Diabetic ketoacidosis (DKA) can kill you.
I have experienced diabetic ketoacidosis only once in my life time. You can find many stories about type 1 diabetics who die from ketoacidosis. Fortunately I survived the experience and learned an important lesson.
I started taking insulin when I was 11 years old. I remember being about 14 years old when I became ill and would throw up everything I tried to eat. At the time, both my parents were on a one week vacation. They arranged for a sitter to take of me and my siblings at our home. I thought that since I could not keep my food down, I should not take any insulin. BIG mistake.
When my parents returned I was so sick they immediately took me to the hospital. I spent about a week there recovering from diabetic ketoacidosis.
The pancreas of a true type 1 diabetic doesn’t produce any insulin. Even if you cannot eat any food, a type 1 still needs some insulin to prevent the occurrence of diabetic ketoacidosis. It’s critical that all type 1 diabetics have a plan for when their primary source of insulin becomes unavailable.
I use an insulin pump to manage my type 1. Keeping an extra pump on hand would cost me about $6000. A waste of money since I’ve never had a pump go bad? Have you ever dropped a bottle of insulin on a tile floor? Was it the last one you had on hand? Did it happen on a weekend? Was the prescription out of refills? Murphy’s law says “anything that can go wrong will go wrong”. You need a backup plan just it case you might need it someday.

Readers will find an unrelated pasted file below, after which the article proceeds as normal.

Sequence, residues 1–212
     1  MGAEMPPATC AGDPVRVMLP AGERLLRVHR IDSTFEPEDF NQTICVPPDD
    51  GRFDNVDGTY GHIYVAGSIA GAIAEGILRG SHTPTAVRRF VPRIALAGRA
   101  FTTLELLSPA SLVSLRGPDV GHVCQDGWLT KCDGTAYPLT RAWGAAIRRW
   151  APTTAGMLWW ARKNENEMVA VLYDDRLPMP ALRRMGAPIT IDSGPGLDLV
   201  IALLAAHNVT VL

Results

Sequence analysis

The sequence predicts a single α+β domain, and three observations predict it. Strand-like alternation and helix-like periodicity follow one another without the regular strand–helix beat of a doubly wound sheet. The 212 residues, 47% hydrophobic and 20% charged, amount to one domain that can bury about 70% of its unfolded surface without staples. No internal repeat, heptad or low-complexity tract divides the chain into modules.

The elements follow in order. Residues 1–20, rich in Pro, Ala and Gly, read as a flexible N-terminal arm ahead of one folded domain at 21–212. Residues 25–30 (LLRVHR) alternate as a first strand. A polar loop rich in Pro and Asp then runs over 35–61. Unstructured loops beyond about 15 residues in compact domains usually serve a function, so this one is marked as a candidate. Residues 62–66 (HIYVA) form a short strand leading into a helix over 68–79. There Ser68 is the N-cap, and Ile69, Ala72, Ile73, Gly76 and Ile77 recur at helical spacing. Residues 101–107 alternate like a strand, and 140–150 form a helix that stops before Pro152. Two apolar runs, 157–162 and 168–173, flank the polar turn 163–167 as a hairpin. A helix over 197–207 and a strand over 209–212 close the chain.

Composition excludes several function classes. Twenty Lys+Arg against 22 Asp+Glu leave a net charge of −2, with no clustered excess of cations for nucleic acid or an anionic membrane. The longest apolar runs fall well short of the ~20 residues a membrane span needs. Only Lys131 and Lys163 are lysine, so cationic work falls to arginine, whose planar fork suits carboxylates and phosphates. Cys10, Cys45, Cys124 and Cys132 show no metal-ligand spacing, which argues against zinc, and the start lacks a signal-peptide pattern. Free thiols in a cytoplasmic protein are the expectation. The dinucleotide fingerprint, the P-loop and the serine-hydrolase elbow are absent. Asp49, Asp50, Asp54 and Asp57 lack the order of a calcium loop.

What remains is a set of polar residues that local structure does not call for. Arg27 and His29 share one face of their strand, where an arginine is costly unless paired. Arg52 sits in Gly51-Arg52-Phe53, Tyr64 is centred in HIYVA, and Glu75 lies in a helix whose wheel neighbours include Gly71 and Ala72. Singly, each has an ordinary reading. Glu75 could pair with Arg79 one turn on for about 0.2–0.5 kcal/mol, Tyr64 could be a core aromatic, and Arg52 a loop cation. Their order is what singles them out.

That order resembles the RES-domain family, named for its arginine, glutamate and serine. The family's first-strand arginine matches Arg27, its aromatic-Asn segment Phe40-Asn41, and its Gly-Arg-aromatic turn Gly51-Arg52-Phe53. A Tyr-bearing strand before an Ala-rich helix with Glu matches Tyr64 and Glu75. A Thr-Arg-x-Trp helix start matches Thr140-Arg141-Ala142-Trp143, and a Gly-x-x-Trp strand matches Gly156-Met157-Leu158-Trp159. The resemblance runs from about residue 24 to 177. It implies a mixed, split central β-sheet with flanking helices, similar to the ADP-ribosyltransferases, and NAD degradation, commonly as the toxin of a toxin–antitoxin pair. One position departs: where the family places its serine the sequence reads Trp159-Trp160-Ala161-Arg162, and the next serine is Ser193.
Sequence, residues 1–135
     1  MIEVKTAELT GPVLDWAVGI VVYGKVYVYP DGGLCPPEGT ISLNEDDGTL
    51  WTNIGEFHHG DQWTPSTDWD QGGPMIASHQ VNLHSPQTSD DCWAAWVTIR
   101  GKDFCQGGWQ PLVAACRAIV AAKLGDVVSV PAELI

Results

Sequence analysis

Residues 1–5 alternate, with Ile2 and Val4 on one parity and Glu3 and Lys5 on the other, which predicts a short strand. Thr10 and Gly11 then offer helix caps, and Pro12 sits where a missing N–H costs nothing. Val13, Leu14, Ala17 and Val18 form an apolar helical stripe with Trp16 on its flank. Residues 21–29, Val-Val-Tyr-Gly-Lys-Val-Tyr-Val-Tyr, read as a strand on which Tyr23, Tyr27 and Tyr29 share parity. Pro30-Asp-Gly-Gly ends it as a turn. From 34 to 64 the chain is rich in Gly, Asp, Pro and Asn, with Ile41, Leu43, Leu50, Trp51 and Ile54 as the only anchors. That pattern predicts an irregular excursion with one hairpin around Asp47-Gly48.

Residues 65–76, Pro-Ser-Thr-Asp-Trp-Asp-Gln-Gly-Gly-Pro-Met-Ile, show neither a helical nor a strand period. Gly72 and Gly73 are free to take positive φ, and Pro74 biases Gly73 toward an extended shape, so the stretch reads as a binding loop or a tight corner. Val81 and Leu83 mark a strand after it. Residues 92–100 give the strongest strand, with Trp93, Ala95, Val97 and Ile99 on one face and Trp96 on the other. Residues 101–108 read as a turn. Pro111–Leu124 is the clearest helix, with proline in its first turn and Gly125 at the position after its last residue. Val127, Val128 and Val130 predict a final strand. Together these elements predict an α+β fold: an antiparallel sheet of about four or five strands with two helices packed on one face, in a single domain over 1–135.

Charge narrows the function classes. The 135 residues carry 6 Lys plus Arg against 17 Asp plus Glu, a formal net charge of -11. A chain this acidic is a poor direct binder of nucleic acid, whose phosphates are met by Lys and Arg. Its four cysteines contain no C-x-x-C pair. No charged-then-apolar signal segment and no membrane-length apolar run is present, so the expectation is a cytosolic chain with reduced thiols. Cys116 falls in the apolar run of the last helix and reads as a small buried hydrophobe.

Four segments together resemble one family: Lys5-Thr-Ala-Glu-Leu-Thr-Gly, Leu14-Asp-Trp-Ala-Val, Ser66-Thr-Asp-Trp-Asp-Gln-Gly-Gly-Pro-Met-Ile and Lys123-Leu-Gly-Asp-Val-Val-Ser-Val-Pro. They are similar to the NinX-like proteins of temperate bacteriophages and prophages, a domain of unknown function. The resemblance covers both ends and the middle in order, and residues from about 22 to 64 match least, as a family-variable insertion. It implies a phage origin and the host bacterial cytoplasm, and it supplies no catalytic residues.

My backup Plan.
I know from experience that I can turn off my pump for up to 4 hours without my BG level going sky high. Beyond that period, I need a way get insulin into my body sooner rather than later. A replacement pump could take 24 hours or more to arrive. You could use Lantus insulin to manage your basal insulin levels but you need a prescription. Hard to get one on a weekend. The only option left is NPH insulin. You can get NPH at most pharmacies without a prescription for about $25. In most states you can also get diabetic syringes without a prescription. Please make sure to speak with a qualified endocrinologist to find a backup plan that will work for you just in case what can go wrong DOES go wrong.